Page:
Del Toro Takes Manhattan

I realize I now no longer have a claim to being a blogger.  Alas cruel fate.  I lost the time, some of the interest, and I didn’t like the sense I started developing that I owed something to my blog.  Just another task to complete.  Still, I just wrote up a quick review over on Good Reads after finishing Del Toro’s new book, The Strain, so I thought I might as well add it here.  Who knows, maybe I’ll find a way to do this again.  I’ve read a bunch of Dostoevsky since my post lo these many months ago.  Some of it is actually worth writing about.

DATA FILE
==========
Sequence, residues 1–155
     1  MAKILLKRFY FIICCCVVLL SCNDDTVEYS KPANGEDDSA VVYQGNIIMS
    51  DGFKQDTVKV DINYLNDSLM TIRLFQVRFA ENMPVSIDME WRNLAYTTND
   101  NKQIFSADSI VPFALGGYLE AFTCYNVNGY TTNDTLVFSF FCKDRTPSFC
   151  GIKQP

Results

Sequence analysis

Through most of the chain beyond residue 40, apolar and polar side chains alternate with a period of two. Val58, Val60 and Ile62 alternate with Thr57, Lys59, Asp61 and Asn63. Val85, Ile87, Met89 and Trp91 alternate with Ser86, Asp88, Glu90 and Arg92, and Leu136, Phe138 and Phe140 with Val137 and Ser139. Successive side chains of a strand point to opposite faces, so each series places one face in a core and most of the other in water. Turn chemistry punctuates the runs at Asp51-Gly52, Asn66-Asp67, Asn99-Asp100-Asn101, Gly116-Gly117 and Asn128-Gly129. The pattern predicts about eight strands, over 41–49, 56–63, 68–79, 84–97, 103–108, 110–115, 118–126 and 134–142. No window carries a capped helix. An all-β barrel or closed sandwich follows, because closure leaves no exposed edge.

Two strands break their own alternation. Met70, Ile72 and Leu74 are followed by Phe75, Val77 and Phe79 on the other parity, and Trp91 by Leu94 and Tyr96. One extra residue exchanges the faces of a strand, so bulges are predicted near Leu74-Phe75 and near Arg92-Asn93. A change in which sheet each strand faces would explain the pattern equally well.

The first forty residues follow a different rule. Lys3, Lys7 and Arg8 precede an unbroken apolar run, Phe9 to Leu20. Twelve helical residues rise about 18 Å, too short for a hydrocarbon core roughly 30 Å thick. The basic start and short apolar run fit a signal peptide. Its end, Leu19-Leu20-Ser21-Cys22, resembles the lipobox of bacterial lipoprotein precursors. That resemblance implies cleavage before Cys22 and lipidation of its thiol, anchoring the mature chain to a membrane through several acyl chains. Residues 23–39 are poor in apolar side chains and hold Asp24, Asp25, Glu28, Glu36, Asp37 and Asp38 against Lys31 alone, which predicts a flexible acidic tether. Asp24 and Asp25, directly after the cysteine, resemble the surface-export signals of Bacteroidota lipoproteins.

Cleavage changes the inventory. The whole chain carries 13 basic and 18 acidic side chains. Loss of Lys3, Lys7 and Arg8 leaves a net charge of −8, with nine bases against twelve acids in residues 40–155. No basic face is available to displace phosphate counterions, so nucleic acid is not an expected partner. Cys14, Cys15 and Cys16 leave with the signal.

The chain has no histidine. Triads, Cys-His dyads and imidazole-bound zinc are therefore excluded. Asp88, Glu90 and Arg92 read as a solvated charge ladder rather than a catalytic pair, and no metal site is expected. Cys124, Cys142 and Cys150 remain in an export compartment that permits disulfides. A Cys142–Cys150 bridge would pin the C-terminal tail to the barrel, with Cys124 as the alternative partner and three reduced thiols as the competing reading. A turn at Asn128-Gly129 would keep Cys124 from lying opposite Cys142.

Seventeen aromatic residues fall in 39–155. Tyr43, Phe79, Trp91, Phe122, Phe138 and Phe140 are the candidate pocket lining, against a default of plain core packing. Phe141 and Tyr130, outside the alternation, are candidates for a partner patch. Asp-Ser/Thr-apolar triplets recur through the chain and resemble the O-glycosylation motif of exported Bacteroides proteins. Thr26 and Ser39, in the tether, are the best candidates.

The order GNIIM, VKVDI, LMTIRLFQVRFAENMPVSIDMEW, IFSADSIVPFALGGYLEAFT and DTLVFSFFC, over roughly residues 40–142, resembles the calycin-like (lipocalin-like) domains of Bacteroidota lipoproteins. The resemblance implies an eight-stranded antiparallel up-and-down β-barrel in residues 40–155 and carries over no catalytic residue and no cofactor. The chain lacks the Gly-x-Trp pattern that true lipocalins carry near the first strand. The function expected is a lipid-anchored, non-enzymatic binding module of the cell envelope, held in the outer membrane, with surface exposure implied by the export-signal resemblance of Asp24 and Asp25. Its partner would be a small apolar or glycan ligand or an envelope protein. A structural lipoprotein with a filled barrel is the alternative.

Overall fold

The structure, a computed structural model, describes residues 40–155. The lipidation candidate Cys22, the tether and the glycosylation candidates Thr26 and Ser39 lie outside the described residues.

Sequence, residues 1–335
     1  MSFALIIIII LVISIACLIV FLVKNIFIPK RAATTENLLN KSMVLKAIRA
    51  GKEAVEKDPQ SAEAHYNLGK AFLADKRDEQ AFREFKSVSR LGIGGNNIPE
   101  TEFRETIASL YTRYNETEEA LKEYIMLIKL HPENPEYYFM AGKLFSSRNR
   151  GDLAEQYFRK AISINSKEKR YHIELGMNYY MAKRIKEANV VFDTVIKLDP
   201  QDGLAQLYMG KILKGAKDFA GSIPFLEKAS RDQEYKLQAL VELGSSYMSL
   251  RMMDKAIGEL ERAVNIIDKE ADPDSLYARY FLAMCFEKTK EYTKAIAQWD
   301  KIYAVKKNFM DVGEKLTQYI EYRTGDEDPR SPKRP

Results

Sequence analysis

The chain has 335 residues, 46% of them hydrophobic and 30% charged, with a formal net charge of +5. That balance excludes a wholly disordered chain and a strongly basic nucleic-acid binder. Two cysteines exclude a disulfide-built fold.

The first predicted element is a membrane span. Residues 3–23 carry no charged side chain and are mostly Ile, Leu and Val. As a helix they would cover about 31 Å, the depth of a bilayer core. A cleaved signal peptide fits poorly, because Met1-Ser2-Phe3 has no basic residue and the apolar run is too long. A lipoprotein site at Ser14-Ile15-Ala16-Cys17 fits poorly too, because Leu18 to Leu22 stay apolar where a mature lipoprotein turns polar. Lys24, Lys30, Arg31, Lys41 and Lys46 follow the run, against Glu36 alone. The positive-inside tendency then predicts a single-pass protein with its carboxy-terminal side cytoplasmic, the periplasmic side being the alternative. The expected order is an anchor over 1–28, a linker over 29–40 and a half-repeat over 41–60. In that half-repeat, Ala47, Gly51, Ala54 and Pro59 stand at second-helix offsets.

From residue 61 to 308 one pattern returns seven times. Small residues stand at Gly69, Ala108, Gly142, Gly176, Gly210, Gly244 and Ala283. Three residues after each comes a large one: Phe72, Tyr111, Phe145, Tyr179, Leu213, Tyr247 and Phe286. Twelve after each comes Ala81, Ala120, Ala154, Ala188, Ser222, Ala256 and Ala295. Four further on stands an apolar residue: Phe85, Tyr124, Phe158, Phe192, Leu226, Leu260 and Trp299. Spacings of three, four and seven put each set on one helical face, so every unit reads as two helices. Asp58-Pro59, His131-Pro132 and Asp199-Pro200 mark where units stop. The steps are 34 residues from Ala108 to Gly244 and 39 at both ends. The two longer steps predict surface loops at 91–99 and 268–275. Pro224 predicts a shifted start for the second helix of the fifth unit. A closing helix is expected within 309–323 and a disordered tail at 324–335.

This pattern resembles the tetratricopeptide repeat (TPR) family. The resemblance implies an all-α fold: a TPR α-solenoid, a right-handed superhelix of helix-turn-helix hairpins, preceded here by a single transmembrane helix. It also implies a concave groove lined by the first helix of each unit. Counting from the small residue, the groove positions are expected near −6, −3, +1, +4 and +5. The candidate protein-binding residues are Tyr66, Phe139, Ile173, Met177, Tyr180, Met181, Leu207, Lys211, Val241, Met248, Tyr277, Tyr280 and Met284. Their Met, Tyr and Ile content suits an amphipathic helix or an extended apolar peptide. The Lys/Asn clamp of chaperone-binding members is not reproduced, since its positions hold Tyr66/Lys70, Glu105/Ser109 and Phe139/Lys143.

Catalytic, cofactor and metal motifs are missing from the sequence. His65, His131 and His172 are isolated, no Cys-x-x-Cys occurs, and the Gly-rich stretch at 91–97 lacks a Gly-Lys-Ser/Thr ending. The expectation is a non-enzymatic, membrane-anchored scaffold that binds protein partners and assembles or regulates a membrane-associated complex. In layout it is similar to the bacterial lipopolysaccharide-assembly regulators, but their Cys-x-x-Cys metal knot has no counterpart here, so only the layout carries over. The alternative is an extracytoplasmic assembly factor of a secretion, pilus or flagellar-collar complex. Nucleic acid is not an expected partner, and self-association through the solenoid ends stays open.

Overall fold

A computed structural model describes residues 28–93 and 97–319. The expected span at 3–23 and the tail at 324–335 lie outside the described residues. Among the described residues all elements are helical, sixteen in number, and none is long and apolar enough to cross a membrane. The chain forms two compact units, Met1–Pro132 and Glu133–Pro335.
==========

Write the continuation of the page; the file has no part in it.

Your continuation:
Re. Del Toro’s The Strain.  Ok, I’m a sucker for a decent vampire thriller. I forced myself through the Twilight books as an act of solidarity with my infatuated daughter, so it was good to get back to the dark side with Del Toro’s book. If anything, Del Toro’s book reads a little too much like an immediate slap in the face at the Stephanie Meyer phenomenon. While Meyer’s Vampires are the pictures of life, health, and youth, Del Toro’s vampires are literally a kind of living cancer virus, consuming and transforming the host into undead animalistic killing machines. Clearly Del Toro the filmmaker is lurching back to Nosferatu, where the vampire is more animal than human, and hardly an exemplar of sexual seductiveness. And, indeed, there’s a lot of quotations of cinema–the armies of vampires are a little bit more like the zombies of Dawn of the Dead than the isolated and brooding quasi-intellectuals that have been a dominant strain since Stoker’s original. The bizarre but effective weaponry quotes from both Van Helsing and from Men in Black. The apocalypse that threatens Manhattan quotes from I Am Legend and from…well, almost every other movie that threatens the destruction of Manhattan. Mostly I like going with this and love it though I thought the nail gun that shot silver tipped nails was a little much and the connection to the Holocaust oddly original and overreaching at the same time–the Van Helsing of this book is a holocaust survivor on a hunt for metaphorical antisemites. And I thought a Dracula in Manhattan could have been a little more original than to have a literal coffin filled with soil, but what do I know. Still, I admit it was a good break after being very serious and thoughtful and intellectual as I made my way through Dostoevsky’s Crime and Punishment last week. I’ll look forward to reading the next

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